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Kevin Greenard: Are you a net saver or a net spender?

Everyone falls into two broad categories: net saver or net spender. If you’re a net saver, your cash inflows are greater than your cash outflows. If you’re a net spender, your cash outflows are greater than your cash inflows.
Kevin Greenard

Everyone falls into two broad categories: net saver or net spender. If you’re a net saver, your cash inflows are greater than your cash outflows. If you’re a net spender, your cash outflows are greater than your cash inflows.

Net savers are typically characterized as individuals who are pre-retirement, whereas net spenders are often retirees who no longer earn employment income and fund any shortfall in their day-to-day expenses by using their retirement savings.

Some people are in the admirable position where they have significant net worth and will always be in the position of a net saver as their investment income and growth surpasses their cash flow needs. For most people there is a time in their life where they will become a net spender.

The transition from net saver to net spender can be difficult. After years of saving for retirement it becomes a habit to see your bank and investment account balances increase month after month.

A common question we are asked is whether someone’s retirement savings will be enough. What is “enough” varies from person to person. Having a tailored financial plan can help provide some clarity in this respect and prepare you for the transition from net saver to net spender.

Creating a financial plan

Financial plans require us to gather both personal and financial information. Your financial planner inputs this information and can generate a variety of documents ranging from a simple concept (i.e. a Registered Retirement Income Fund (RRIF) payout duration report) to a comprehensive financial plan.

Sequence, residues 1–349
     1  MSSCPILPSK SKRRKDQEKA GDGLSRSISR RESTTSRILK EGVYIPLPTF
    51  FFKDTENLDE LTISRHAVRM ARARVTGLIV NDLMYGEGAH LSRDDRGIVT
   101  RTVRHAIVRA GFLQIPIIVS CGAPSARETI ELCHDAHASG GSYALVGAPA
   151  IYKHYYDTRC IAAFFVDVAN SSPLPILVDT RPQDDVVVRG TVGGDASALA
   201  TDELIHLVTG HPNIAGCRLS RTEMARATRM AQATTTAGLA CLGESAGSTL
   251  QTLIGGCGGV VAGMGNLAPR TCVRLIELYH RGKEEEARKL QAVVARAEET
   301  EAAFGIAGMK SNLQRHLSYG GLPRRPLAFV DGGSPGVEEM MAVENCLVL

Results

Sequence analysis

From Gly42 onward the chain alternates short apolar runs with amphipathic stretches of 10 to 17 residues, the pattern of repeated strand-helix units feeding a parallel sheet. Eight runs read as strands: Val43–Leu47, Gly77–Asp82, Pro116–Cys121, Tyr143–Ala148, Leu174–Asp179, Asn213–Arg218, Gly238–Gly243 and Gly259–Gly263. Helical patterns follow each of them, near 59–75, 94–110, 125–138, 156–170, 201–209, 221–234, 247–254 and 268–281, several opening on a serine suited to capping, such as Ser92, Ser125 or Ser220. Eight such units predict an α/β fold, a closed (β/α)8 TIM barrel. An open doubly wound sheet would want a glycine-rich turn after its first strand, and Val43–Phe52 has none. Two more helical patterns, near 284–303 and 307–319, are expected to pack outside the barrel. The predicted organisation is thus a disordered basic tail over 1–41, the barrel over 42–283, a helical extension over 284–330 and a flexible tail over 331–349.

The information you gather is mostly concrete and is based on actual amounts as of a certain date. As well, you will have to make some projections as to the level of income you would like at retirement. Your financial planner will also establish various assumptions or estimates (inflation rates, life expectancy, investment returns).

The best part of a financial plan is the list of savings required to meet your goal. As an example, a typical financial plan may recommend that a couple each maximize Registered Retirement Savings Plan (RRSP) contributions, maximize their Tax-Free Savings Account (TFSA) and save monthly in a non-registered account. These savings are required whether we are experiencing good times or bad.

Unfortunately, when markets decline, many people stop investing. This often has a bigger long-term impact on your financial situation than for someone who continues to save. By continuing to invest during difficult times people are essentially dollar cost averaging. By dollar cost averaging we mean that some investments are purchased at higher amounts and others are purchased at lower amounts.

Rather than stopping the amount you save, consider saving more. By saving more, at any time, you increase your chances of reaching your goals.

A typical financial plan should have an investment return assumption that is on the low side of expectations and is low on purpose. If retirement goals can be achieved with a low return assumption, then it can help make the decision to retire easier. Approximately every four years we update the financial plan to reflect current balances; however, the return assumption in the plan will continue to be conservative.